Public participation in the legislative process is a fundamental constitutional principle. The constitution dictates that all those affected by a decision ought to have a say in the decision-making process.
While this is a mandatory requirement, a new survey done by PricewaterhouseCoopers (PwC) has revealed that a majority of the banking sector members feel excluded from policy settings.
According to the report dubbed ‘Total Tax Contribution of the Kenya Banking Sector’ by PwC, 81.1 percent of the survey participants either disagreed or strongly disagreed with the statement that there is predictability in the process of making changes to the tax framework and inclusion of industry stakeholders in the process.
Participants of the survey highlighted that stakeholders’ view if sought, is not usually considered when making tax reforms.
“This lack of engagement of the stakeholders is evident from numerous tax proposals over the last few years that have either been blocked by the courts or dropped altogether,” PwC said in the report further highlighting scenarios where policy changes were made without stakeholder participation; the banks for this case.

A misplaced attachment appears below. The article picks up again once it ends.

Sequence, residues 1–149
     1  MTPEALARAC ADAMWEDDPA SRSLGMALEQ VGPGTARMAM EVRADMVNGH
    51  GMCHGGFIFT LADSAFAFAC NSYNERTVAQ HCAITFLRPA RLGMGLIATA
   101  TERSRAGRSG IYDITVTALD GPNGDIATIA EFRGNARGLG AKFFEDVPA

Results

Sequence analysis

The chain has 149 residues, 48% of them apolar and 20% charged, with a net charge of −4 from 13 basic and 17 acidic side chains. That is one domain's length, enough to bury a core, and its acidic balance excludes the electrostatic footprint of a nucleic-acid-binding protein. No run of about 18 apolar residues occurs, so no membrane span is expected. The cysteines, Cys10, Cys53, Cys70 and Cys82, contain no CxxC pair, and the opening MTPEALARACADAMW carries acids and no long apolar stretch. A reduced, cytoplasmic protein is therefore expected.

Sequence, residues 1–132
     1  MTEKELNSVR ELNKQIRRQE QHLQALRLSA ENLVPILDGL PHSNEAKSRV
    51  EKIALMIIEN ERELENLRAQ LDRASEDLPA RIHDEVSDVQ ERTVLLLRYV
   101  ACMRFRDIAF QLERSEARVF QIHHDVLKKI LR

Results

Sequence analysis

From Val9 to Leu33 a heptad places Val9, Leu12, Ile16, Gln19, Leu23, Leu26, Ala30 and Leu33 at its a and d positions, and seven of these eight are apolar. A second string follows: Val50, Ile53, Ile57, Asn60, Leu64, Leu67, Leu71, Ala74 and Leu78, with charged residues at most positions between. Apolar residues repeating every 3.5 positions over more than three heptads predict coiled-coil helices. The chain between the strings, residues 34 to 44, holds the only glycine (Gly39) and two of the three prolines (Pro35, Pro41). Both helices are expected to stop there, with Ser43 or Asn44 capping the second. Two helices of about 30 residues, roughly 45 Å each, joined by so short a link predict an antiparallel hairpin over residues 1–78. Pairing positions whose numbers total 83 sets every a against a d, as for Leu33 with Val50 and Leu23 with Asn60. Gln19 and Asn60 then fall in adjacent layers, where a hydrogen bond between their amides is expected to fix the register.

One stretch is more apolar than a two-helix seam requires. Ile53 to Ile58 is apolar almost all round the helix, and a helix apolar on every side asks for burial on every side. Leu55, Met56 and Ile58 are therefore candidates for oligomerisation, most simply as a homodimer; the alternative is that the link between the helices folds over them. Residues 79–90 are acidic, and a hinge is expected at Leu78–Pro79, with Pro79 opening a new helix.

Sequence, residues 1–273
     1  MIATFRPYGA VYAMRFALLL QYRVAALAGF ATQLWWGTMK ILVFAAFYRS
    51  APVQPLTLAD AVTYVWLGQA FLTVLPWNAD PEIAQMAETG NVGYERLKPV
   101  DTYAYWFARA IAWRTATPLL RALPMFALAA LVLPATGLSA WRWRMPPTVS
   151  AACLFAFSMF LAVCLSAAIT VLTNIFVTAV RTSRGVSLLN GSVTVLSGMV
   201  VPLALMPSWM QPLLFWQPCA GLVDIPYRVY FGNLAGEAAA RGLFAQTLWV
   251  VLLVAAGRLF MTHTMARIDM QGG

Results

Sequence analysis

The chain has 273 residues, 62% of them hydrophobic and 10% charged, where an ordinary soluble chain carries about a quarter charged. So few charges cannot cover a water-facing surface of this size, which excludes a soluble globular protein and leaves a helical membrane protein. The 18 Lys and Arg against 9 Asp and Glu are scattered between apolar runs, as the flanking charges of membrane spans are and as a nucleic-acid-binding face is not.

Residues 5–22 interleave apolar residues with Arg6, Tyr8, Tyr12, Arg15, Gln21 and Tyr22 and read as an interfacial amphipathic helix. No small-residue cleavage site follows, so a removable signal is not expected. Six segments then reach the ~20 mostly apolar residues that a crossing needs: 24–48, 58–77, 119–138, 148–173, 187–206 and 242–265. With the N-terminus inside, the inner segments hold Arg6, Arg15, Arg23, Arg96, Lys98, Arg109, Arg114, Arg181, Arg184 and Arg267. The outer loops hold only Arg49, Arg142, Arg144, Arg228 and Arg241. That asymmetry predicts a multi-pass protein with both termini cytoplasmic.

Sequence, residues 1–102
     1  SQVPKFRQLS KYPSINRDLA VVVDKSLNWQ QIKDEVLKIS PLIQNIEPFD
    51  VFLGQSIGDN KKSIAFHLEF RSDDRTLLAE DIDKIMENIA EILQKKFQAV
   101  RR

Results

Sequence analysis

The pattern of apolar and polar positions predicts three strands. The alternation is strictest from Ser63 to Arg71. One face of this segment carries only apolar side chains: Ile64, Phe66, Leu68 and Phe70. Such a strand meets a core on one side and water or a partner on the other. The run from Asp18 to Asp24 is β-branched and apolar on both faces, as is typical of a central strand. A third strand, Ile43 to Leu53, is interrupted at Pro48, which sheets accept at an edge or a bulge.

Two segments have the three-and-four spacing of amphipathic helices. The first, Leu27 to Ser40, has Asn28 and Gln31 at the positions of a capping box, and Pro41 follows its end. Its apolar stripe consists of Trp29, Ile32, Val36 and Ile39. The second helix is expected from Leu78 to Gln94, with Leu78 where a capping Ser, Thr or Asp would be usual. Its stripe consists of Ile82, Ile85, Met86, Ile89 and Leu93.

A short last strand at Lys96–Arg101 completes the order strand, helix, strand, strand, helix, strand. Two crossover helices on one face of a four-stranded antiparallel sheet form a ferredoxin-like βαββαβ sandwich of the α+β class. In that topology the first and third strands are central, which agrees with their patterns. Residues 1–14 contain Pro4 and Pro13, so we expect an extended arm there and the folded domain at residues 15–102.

In most responses, participants stated that they feel excluded from the tax policy setting. However, one participant said that the “government is making genuine attempts to include industry stakeholders in the process of amending/introducing new/existing laws.”
Most banks that took part in the survey believe the current tax framework does not support expansion with some citing the lack of double tax treaties or other incentives for companies looking to expand within the East African region.
“The Kenyan tax framework does not support regional expansion. Each of the COMESA member states have their own tax framework.”
Most financial institutions that participated in the survey believe that the government could do more to encourage growth and regional expansion.
Regarding misalignment in accounting and tax definitions, 83.8 percent of participant banks believe their needs to be an alignment to make tax structures more straightforward and easier to implement. “There is limited alignment between accounting and tax definitions leading to disputes and higher compliance costs,” a participant noted.
Featured Image Courtesy: Money & Markets